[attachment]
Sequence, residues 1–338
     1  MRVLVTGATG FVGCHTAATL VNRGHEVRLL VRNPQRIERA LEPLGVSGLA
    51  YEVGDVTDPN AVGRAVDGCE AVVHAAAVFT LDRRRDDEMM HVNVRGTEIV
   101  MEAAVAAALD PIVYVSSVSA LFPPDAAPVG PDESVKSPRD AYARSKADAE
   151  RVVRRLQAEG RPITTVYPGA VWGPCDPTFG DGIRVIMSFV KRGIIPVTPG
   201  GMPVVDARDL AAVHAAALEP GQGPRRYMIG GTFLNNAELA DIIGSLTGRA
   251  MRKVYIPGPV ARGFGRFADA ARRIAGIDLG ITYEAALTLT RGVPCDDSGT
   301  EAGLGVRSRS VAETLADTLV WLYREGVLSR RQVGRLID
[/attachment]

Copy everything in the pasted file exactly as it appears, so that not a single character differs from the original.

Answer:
Sequence, residues 1–338
     1  MRVLVTGATG FVGCHTAATL VNRGHEVRLL VRNPQRIERA LEPLGVSGLA
    51  YEVGDVTDPN AVGRAVDGCE AVVHAAAVFT LDRRRDDEMM HVNVRGTEIV
   101  MEAAVAAALD PIVYVSSVSA LFPPDAAPVG PDESVKSPRD AYARSKADAE
   151  RVVRRLQAEG RPITTVYPGA VWGPCDPTFG DGIRVIMSFV KRGIIPVTPG
   201  GMPVVDARDL AAVHAAALEP GQGPRRYMIG GTFLNNAELA DIIGSLTGRA
   251  MRKVYIPGPV ARGFGRFADA ARRIAGIDLG ITYEAALTLT RGVPCDDSGT
   301  EAGLGVRSRS VAETLADTLV WLYREGVLSR RQVGRLID